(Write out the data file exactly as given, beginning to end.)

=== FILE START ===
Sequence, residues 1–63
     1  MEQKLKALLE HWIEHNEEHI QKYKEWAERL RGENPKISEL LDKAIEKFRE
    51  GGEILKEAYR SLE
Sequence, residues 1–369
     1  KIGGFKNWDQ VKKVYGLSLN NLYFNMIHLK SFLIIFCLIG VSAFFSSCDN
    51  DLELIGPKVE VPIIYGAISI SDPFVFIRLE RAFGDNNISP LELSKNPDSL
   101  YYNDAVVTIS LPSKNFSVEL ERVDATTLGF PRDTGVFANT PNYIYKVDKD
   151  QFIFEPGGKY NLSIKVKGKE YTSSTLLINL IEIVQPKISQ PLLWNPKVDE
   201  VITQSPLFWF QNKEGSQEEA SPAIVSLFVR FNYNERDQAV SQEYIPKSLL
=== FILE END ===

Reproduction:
Sequence, residues 1–63
     1  MEQKLKALLE HWIEHNEEHI QKYKEWAERL RGENPKISEL LDKAIEKFRE
    51  GGEILKEAYR SLE
Sequence, residues 1–369
     1  KIGGFKNWDQ VKKVYGLSLN NLYFNMIHLK SFLIIFCLIG VSAFFSSCDN
    51  DLELIGPKVE VPIIYGAISI SDPFVFIRLE RAFGDNNISP LELSKNPDSL
   101  YYNDAVVTIS LPSKNFSVEL ERVDATTLGF PRDTGVFANT PNYIYKVDKD
   151  QFIFEPGGKY NLSIKVKGKE YTSSTLLINL IEIVQPKISQ PLLWNPKVDE
   201  VITQSPLFWF QNKEGSQEEA SPAIVSLFVR FNYNERDQAV SQEYIPKSLL